Two-year-old Ivy McLeod laughs while playing with Lucky the puppy outside their Chilliwack home on Thursday, June 10, 2021. (Jenna Hauck/ Chilliwack Progress)
VIDEO: B.C. family finds ‘perfect’ puppy with limb difference for 2-year-old Ivy

Ivy has special bond with Lucky the puppy who was also born with limb difference

A million-dollar ticket was sold to an individual in Vernon from the Lotto Max draw Friday, June 11, 2021. (Photo courtesy of BCLC)
Lottery ticket worth $1 million sold in Vernon

One lucky individual holds one of 20 tickets worth $1 million from Friday’s Lotto Max draw

“65 years, I’ve carried the stories in my mind and live it every day,” says Jack Kruger. (Athena Bonneau)
‘Maybe this time they will listen’: Survivor shares stories from B.C. residential school

Jack Kruger, living in Syilx territory, wasn’t surprised by news of 215 children’s remains found on the grounds of the former Kamloops Indian Residential School

A logging truck carries its load down the Elaho Valley near in Squamish, B.C. in this file photo. THE CANADIAN PRESS/Chuck Stoody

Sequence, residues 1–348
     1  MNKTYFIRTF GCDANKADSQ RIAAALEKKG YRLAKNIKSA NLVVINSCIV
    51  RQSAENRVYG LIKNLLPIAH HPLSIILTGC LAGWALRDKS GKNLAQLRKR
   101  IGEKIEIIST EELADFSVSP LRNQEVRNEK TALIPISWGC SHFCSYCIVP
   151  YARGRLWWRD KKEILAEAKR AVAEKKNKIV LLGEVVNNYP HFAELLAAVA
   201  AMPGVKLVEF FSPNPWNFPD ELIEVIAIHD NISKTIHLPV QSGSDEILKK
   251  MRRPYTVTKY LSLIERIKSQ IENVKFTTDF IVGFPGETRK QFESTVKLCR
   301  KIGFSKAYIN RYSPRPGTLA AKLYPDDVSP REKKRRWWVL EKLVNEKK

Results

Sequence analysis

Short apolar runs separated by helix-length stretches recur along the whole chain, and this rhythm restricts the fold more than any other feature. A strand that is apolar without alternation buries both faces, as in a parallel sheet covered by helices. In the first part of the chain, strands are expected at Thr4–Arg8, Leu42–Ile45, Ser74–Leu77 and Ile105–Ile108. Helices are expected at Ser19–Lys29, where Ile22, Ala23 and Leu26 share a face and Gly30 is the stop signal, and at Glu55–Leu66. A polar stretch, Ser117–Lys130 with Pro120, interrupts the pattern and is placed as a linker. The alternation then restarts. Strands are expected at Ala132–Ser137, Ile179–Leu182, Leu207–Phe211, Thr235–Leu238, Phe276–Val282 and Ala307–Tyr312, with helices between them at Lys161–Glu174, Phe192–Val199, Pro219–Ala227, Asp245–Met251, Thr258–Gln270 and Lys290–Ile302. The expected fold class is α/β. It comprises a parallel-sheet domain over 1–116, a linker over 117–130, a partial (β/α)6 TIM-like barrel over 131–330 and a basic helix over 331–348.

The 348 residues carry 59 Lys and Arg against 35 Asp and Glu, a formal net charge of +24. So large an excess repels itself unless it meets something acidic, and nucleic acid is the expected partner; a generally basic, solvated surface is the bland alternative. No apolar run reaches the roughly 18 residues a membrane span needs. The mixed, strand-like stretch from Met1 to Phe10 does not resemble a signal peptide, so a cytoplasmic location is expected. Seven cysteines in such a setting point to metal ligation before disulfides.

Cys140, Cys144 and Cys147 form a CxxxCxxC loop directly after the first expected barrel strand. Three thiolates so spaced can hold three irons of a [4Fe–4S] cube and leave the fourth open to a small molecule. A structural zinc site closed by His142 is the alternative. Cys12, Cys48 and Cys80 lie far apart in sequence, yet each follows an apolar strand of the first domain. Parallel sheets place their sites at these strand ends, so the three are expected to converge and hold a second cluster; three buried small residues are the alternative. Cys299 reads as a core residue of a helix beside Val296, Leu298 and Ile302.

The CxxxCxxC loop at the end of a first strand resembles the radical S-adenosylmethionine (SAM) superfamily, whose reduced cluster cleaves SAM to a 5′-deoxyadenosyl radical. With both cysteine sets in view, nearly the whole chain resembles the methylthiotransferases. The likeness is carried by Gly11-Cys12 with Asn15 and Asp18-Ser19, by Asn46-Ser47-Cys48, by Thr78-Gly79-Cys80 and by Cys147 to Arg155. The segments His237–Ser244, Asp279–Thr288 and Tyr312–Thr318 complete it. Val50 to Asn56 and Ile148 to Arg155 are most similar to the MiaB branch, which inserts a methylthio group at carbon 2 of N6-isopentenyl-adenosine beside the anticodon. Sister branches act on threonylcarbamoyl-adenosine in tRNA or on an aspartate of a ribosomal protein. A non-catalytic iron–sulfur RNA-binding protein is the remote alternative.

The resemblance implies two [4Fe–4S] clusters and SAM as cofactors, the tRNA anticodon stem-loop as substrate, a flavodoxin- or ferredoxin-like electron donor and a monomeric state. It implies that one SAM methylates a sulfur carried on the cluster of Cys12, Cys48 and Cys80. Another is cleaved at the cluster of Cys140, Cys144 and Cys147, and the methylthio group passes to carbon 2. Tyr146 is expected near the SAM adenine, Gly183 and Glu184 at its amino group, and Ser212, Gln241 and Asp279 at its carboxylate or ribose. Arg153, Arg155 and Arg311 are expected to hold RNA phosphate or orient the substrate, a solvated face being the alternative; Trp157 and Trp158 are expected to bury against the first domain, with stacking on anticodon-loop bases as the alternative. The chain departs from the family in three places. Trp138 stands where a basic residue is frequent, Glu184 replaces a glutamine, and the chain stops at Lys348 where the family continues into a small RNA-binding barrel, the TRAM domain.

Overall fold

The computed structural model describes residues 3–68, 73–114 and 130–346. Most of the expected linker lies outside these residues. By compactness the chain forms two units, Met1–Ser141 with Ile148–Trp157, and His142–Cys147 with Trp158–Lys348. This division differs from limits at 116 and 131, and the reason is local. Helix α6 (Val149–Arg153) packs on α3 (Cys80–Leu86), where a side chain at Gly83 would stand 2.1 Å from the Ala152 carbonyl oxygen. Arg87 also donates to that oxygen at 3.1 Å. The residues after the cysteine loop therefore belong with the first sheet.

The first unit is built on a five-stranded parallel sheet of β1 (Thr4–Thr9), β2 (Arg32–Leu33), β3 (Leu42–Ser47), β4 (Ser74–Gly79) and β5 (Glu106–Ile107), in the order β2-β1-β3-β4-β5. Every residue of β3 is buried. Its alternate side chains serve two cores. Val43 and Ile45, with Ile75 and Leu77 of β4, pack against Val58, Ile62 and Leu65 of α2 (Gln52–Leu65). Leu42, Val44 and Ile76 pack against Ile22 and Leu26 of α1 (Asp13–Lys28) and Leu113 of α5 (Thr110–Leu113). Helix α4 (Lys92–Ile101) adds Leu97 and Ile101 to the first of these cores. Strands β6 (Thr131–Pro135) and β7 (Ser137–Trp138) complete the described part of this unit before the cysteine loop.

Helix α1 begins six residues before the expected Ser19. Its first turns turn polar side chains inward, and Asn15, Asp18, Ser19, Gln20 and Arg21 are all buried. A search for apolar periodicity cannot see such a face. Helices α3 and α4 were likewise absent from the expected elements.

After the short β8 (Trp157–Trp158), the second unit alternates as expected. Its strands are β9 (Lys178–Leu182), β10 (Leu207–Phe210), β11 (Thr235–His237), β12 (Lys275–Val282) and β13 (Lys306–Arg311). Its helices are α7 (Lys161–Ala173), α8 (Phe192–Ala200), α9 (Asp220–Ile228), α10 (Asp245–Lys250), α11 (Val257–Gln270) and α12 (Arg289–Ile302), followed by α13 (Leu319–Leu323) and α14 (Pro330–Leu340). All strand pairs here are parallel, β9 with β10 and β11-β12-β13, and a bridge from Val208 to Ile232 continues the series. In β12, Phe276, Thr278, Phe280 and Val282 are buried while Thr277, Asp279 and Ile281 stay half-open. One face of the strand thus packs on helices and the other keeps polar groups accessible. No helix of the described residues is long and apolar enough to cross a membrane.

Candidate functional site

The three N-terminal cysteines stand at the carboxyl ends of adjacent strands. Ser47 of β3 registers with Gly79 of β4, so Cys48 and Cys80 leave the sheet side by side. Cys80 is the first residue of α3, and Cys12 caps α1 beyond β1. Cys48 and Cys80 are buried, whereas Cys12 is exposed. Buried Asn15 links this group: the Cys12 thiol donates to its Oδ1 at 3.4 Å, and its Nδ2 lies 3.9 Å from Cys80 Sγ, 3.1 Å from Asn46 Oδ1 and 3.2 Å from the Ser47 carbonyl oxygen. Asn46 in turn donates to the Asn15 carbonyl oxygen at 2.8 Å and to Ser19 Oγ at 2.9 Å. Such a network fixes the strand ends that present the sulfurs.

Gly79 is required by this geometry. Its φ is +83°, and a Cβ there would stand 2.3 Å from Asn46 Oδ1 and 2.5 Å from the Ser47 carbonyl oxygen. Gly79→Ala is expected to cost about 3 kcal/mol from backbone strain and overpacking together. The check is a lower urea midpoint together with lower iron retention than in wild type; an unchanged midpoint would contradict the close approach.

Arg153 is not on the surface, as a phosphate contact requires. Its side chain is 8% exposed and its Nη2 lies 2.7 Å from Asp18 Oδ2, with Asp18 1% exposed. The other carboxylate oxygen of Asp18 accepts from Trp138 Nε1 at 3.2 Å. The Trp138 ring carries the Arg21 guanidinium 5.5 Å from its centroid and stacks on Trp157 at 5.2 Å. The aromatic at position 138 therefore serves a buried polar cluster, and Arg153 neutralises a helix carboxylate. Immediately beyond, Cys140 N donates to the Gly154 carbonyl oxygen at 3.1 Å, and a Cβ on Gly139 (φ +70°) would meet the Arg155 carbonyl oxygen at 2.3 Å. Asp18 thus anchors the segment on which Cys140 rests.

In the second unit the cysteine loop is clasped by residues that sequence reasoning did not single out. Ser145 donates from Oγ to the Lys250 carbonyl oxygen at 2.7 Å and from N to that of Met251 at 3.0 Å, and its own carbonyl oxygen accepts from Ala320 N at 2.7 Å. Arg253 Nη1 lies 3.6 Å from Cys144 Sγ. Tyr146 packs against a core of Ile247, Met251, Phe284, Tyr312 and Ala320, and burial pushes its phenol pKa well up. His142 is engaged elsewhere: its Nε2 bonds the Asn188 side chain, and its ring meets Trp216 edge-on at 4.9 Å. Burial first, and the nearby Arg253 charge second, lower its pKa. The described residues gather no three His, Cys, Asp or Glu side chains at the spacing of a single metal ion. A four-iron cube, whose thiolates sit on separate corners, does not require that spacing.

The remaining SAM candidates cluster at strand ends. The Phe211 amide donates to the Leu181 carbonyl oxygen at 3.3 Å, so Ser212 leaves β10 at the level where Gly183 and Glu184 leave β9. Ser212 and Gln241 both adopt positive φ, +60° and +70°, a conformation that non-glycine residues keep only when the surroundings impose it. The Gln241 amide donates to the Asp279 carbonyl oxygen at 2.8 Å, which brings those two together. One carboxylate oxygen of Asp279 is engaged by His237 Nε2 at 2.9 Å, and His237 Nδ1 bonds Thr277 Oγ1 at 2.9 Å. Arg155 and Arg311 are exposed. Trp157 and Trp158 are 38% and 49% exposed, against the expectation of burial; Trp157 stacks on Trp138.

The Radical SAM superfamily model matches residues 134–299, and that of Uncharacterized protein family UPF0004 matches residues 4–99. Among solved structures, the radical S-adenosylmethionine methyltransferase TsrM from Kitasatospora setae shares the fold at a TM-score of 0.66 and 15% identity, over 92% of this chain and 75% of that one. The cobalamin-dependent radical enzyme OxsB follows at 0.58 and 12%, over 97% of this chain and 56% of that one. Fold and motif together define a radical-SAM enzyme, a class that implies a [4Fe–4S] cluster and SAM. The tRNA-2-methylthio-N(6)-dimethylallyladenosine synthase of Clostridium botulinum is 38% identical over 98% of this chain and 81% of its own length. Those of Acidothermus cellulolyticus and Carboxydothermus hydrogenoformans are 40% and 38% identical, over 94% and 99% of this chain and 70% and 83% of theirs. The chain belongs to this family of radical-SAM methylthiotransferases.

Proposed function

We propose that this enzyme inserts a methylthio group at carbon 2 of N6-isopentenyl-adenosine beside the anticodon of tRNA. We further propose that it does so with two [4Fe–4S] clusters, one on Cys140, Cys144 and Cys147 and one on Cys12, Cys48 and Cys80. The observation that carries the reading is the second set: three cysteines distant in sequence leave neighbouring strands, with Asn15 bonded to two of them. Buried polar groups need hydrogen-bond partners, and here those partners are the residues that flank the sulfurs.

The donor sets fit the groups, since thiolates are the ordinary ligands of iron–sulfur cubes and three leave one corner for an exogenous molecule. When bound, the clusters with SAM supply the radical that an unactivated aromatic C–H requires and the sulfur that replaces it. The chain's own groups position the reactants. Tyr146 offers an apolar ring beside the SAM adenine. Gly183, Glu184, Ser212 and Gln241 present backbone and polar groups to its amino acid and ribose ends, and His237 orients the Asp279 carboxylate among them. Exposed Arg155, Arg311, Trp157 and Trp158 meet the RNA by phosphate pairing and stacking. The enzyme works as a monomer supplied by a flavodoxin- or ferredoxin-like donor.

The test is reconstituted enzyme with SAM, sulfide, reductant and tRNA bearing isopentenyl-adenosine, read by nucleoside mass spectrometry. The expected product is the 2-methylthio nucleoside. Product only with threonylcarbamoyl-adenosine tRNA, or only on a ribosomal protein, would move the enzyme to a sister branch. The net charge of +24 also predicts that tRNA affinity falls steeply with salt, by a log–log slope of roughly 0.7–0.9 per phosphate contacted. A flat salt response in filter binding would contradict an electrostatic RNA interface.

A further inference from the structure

Squamish Nation calls for old-growth logging moratorium in its territory

The nation says 44% of old-growth forests in its 6,900-square kilometre territory are protected while the rest remain at risk

Flowers and cards are left at a makeshift memorial at a monument outside the former Kamloops Indian Residential School to honour the 215 children whose remains are believed to have been discovered buried near the city in Kamloops, B.C., on Monday, May 31, 2021. THE CANADIAN PRESS/Darryl Dyck
‘Pick a Sunday:’ Indigenous leaders ask Catholics to stay home, push for apology

Indigenous leaders are calling on Catholics to stand in solidarity with residential school survivors by not attending church services

Most Read